Over the past year, the Biden administration has issued a number of labor and employment executive orders applicable to government contractors. Some of those requirements are updates to Obama-era executive orders, while others are new. Together, these obligations, which include an almost 50% increase to the applicable minimum wage, can have a significant impact on contractors.

For any government contractors that have questions about these labor and employment changes, we hope you can join us for an overview of these recent developments.

Continue Reading [WEBINAR] What Was Old is New Again – Government Contractor Labor & Employment Updates

As contractors and agencies scramble to comply with the government contractor vaccine mandate, which is currently on hold due a nationwide injunction issued on December 7, 2021, there seems to be growing confusion over whether contractors or federal agencies are responsible for evaluating whether contractor employees working at government sites are entitled to medical or religious accommodations. In some cases, agencies tell contractors that the government, not the contractor, is responsible for adjudicating accommodation requests.  In others, agencies are demanding to see the justification for accommodation determinations and independently evaluate those determinations.

This confusion is unfortunate because it is clear that the contractor, not the government, is responsible as the employer. To the extent agencies are usurping contractors’ obligation to make these determinations, the government is increasing the likelihood it will be viewed as a joint employer, needlessly exposing both the government and contractors to potential liability.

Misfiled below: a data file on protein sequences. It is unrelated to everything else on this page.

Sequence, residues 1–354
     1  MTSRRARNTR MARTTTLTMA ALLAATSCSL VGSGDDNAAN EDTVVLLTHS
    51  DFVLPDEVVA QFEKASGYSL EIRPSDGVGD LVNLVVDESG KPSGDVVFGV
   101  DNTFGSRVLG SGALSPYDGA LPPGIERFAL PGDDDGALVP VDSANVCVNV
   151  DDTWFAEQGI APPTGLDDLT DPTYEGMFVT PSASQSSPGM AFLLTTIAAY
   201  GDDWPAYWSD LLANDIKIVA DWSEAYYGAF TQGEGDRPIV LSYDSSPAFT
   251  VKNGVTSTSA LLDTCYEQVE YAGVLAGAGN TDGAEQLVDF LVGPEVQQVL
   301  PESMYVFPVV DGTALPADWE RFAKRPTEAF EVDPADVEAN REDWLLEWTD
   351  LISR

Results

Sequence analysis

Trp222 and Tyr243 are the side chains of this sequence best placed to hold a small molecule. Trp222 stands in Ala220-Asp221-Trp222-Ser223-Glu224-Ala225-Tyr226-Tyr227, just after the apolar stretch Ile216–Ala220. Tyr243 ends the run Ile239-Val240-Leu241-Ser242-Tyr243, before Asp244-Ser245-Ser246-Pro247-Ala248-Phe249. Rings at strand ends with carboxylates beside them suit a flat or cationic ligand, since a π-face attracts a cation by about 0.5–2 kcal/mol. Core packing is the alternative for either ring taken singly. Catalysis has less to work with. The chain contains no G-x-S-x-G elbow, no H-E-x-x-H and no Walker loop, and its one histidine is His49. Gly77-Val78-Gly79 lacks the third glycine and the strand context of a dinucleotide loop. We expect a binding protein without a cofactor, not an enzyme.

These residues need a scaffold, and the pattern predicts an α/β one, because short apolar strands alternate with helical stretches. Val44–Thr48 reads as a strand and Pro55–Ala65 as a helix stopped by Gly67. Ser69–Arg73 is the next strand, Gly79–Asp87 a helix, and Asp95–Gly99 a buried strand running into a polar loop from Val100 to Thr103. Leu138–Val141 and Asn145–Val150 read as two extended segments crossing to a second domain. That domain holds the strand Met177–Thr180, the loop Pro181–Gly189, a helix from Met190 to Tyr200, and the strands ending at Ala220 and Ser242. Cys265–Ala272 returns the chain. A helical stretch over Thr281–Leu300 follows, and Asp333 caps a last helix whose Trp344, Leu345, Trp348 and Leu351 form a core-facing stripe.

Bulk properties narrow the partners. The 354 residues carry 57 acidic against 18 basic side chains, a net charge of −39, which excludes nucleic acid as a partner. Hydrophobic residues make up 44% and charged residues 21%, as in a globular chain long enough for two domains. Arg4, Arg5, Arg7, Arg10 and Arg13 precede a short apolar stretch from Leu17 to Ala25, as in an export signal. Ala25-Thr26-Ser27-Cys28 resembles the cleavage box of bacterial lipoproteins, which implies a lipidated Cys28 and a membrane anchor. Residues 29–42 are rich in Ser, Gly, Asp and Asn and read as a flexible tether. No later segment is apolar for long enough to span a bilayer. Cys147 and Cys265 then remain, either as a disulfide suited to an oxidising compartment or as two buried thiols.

Employers are Responsible for Making Accommodation Determinations

For decades, employees have had the right to request medical accommodations under the Americans with Disabilities Act (ADA) and religious accommodations under Title VII of the Civil Rights Act of 1964. Those requests have always been submitted to their “employer,” even when those employees work at an off-site location.

Continue Reading Who is Responsible for Granting Medical/Religious Accommodations to the COVID-19 Vaccination Mandate?

On September 9, President Biden issued Executive Order 14042 requiring that federal contractors comply with forthcoming COVID-19 workplace safety guidance. That guidance, which was issued on September 24, is remarkably broad, requiring that employees working directly on government contracts, in connection with government contracts, or in the same facility as an employee in the first

On September 24, following President Biden’s September 9 Executive Order, Ensuring Adequate COVID Safety Protocols for Federal Contractors, the Safer Federal Workforce Task Force (Task Force) issued new guidance on COVID-19 safety protocols applicable to federal contractors and subcontractors. It is notable that the guidance does not apply to grants.